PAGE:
What kind of challenges will we be facing in our homes in 2036 – particularly if we live in a place such as California, which is already seeing destructive wildfires and heatwaves
This was the question posed to master’s students at the Polytechnic University of Milan last year. The Innovation Studio course invites students to experiment with different materials, working on projects that will eventually be displayed at an exhibition.
Around 100 students around the world took part in the 2020–2021 course. The theme? Homes for Uncertain Times, which directed participants to think about what products they could create that will help us live with more extreme weather and its related problems.
“We live in uncertain times due to the effects of climate change. The theme was selected to give a serious topic a positive spin – how designers can help make our lives better in the midst of it all,” says Stefana Maja Broadbent, Associate Professor at the Department of Design.
UPM was delighted to donate paper pulp to the course, which students could use alone or combine with different materials. “We were excited to see in what ways the students could work with pulp. UPM also participated in giving a lecture on how to cut, fold and mould it,” says Valentina Auricchio, Assistant Professor at the Department of Design.
“Pulp is a very flexible and wonderful material. The course was done online, so even when students were stuck at home, the pulp was easy to ship to them,” explains Broadbent.
To help keep indoor spaces cool, Au.ruh absorbs heat and creates a breeze effect. (Photo: The Au.ruh project team)
Doomsday preppers as inspiration
For industrial design students Bria Jammali-Versace and Elia Molteni, the process began with intensive research into what scenarios were most likely to play out in California 15 years from now. “We started looking into doomsday preppers and that mindset of learning to live with these events, as we’re probably not going to be able to prevent them,” says Jammali-Versace.
One finding which stood out to the pair and their teammates – communication designer Tea Firmo, interaction designer Huang Yang and industrial designer Ou Xiang – was the fragility of the power grid.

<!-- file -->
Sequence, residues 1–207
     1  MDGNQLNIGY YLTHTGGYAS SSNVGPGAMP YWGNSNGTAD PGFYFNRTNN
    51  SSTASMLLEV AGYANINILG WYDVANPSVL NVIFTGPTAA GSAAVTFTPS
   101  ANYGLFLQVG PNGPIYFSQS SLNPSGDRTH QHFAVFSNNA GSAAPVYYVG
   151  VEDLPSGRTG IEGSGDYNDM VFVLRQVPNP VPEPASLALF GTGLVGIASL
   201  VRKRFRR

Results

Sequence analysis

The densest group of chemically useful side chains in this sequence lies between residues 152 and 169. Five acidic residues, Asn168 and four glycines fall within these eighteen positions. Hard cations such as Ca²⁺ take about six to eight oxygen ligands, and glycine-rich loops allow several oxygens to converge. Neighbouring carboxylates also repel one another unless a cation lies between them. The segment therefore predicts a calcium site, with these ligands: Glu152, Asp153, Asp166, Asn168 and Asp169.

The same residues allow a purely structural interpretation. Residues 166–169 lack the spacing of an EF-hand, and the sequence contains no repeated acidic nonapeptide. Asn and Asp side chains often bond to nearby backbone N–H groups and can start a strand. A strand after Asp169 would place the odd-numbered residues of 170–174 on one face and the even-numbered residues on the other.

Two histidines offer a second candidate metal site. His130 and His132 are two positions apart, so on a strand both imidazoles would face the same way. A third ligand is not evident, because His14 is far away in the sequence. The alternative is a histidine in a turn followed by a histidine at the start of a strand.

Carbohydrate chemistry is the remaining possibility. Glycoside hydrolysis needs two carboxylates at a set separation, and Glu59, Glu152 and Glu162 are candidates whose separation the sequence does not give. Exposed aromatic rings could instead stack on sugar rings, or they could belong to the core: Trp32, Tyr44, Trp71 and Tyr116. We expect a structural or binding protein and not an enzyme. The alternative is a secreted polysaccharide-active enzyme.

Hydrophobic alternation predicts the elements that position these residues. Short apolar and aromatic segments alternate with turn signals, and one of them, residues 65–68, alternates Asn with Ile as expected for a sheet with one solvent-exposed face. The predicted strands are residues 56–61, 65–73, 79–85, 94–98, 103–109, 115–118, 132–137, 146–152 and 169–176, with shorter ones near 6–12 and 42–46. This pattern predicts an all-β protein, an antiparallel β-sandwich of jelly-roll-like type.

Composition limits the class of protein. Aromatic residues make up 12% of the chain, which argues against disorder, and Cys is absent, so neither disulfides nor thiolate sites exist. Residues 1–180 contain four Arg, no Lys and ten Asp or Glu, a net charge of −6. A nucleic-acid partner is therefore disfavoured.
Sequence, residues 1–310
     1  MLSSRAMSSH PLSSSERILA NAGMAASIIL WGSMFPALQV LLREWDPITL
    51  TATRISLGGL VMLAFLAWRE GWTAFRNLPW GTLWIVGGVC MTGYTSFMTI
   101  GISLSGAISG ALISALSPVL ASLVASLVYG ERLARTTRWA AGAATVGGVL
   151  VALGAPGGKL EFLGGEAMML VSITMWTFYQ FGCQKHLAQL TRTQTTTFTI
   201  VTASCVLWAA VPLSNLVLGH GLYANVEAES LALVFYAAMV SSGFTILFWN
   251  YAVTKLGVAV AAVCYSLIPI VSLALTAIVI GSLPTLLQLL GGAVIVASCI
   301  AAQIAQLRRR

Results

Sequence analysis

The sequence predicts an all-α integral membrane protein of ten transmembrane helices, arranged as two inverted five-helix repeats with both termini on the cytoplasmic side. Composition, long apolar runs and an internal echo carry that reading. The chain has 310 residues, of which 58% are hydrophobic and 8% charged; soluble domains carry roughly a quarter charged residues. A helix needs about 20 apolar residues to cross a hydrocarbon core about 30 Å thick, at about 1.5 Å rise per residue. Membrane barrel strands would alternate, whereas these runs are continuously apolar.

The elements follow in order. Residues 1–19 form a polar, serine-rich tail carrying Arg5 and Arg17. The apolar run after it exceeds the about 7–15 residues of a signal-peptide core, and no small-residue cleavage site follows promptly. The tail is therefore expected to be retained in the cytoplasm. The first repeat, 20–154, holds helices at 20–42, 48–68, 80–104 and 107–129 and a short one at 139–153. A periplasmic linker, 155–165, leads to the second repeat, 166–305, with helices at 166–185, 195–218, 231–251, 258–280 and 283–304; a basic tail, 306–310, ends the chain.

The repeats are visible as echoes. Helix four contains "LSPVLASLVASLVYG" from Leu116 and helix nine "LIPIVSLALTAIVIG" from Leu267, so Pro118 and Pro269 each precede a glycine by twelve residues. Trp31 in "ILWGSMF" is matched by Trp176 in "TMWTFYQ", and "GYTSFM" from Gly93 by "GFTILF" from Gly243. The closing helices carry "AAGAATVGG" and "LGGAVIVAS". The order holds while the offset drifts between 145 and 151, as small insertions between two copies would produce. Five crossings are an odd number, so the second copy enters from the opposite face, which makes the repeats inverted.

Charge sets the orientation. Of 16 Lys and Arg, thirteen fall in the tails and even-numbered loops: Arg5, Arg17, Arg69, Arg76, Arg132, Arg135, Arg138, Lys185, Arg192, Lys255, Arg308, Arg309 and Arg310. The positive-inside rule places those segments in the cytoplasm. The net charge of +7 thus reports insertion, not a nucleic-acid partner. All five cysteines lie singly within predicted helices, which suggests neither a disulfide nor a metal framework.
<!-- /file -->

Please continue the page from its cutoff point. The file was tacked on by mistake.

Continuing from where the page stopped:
“You can’t rely on power in heatwaves. So, we decided to look at how people could keep their homes cool without using electricity,” explains Jammali-Versace.
The result was Au.ruh, a device that is placed on to windows. “One professor suggested we look at phase change materials, which can absorb heat, so we looked into how we could combine it with paper pulp,” says Molteni.
PCMs are micro-materials which change from solid to liquid form as temperatures rises, absorbing and releasing heat energy as they transform. Au.ruh’s design also channels air into a path, creating a natural breeze effect in living spaces.
S’Proudy is a composting device made from UPM paper pulp. (Photo: The S’Proud project team)
Building communities through pulp
Students Prathana Shah, Amarinder Arora, Bianca Fratin, Valeria Goncharova, and Simone Testa experimented with different interpretations of the concept of resilience. “Being in touch with your community and knowing that someone is always there for you gives a sort of relief. We also found people in California are less in touch with their neighbours than in the past,” says Prathana Shah.
The group’s solution was S’Proudy, a composting device designed to contribute towards a community garden. “Usually, you have to wait for your food scraps to compost, then you need to clean out the bin, so there’s smell and there’s mess,” Shah explains.
S’Proudy is designed to be delivered to a central collection point as soon as it’s full, where it will be added to a community compost collection. You’re then given a fresh device to take home with you. S’Proudy is made from UPM’s paper pulp, which is 100 per cent biodegradable.
Paper pulp was appealing because it can be moulded into any shape, which makes mass production affordable, and it can also be laminated to make the S’Proudys reusable. “We wanted to change the concept of a composting bin from something you hide away into an object people can be proud of,” continues Shah.
Challenges and surprises
All the final products were showcased in an online exhibition, which took place in February 2021. Attendees were told that a travel agency from the future was inviting them on a trip to California in 2036, to see artefacts that embody the uncertainty and adaptation of the last 15 years. They are also available to view on the course’s Instagram page and website.
So what was the biggest takeaway for students and teachers from this experience? “Doomsday prep really isn’t as crazy as people think!” laughs Jammali-Versace.
The year was tough and full of surprises, says Auricchio. “We were able to adapt to the conditions and accept the limitations of online teaching. Evaluating a paper model through video was challenging, but we made it work.”
Due to the teaching format, Broadbent and the other teachers noticed that the students needed more supervision than normally. “Through long supervision sessions, we were able to have gratifying collective moments where we exchanged ideas and views,” Broadbent surmises with a smile.
Main image: The Treeble project team
Text: Jessica Bateman and Sini-Maria Melanen